elementary provisional solution (a pre-zero, a pre-science tool) for making it 
possible was suggested in those ten principles weeks ago. 
  In any case, I think these two absences or "zeroes" might be successfully 
filled in, without having to wait for too long.

  Best wishes--Pedro 

  El 26/10/2017 a las 20:08, Loet Leydesdorff escribió:

    Dear Terry and colleagues, 

      (...) , there cannot be interminable regress of this displacement to 
establish these norms. At some point normativity requires ontological grounding 
where the grounded normative relation is the preservation of the systemic 
physical properties that produce the norm-preserving dynamic. 
    I have problems with the words "ontological" and "physical" here, whereas I 
agree with the need of grounding the normative. Among human beings, this 
grounding of subjective normativity can be found in intersubjectivity. Whereas 
the subjective remains cogitans (in doubt), the intersubjective can be 
considered as cogitatum (the thing about which one remains in doubt). 

    For Descartes this cogitatum is the Other of the Cogito. The Cogito knows 
itself to be incomplete, and to be distinguished from what transcends it, the 
Transcendental or, in Descartes' terminology, God. (This is the ontological 
proof of God's presence. Kant showed that this proof does not hold: God cannot 
be proven to exist.) Husserl (1929) steps in on this point in the Cartesian 
Meditations: the cogitatum which transcends us is intersubjectivity. It is not 
physical. The physical is res extensa, whereas this remains res cogitans. It 
cannot be retrieved, but one has reflexive access to it.

    Interestingly, this philosophy provides Luhmann's point of departure. The 
intersubjective can be operationalized as (interhuman) communication. The codes 
in the communication can relatively be stabilized. One can use the metaphor of 
eigenvectors of a communication matrix. They remain our constructs, but they 
guide the communication. (Luhmann uses "eigenvalues", but that is a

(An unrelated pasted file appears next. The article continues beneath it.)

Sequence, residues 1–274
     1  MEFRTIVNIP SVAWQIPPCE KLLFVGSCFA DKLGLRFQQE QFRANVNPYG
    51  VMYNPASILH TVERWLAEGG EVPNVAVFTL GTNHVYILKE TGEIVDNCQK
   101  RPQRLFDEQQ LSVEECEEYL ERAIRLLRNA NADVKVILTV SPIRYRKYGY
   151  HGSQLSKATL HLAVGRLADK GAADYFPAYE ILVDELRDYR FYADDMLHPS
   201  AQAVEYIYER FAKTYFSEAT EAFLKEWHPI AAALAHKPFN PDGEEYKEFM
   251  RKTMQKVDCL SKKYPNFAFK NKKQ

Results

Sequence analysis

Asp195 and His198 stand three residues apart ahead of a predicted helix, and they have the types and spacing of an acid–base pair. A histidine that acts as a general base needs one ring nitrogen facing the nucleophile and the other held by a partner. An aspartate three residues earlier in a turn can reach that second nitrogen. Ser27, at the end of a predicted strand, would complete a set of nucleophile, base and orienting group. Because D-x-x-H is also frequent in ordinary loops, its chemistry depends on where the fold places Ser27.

misunderstanding.) Using Parsons' idea of symbolic generalization of the codes 
of communication, one can continue this metaphor and consider other than the 
first eigenvector as "functional differentiations" which enable the 
communication to process more complexity. The model is derived from the Trias 
Politica: problems can be solved in one of the branches or the other. The 
normativity of the judiciary is different from the normativity of the 
legislative branch, but they both ground the normativity that guides us.

    The sciences are then a way of communication; namely, scholarly 
communication about rationalized expectations. Scholarly communication is 
different from, for example, political communication. An agent ("consciousness" 
in Luhmann's terminology) recombines reflexively and has to integrate because 
of one's contingency. The transcendental grounding is in the communication; it 
remains uncertain. Fortunately, because this implies that it can be 
reconstructed (by us albeit not as individuals). 

    A non-human does not know oneself to be contingent. Lots of things follow 
from this; for example, that the non-human does not have access to our 
intersubjectivity as systems of expectations.



    Loet Leydesdorff 

    Professor emeritus, University of Amsterdam
    Amsterdam School of Communication Research (ASCoR) ; 
    Associate Faculty, SPRU, University of Sussex; 

    Guest Professor Zhejiang Univ., Hangzhou; Visiting Professor, ISTIC, 

    Visiting Fellow, Birkbeck, University of London;


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Pedro C. Marijuán
Grupo de Bioinformación / Bioinformation Group
Instituto Aragonés de Ciencias de la Salud
Centro de Investigación Biomédica de Aragón (CIBA)
Avda. San Juan Bosco, 13, planta 0
50009 Zaragoza, Spain
Tfno. +34 976 71 3526 (& 6818)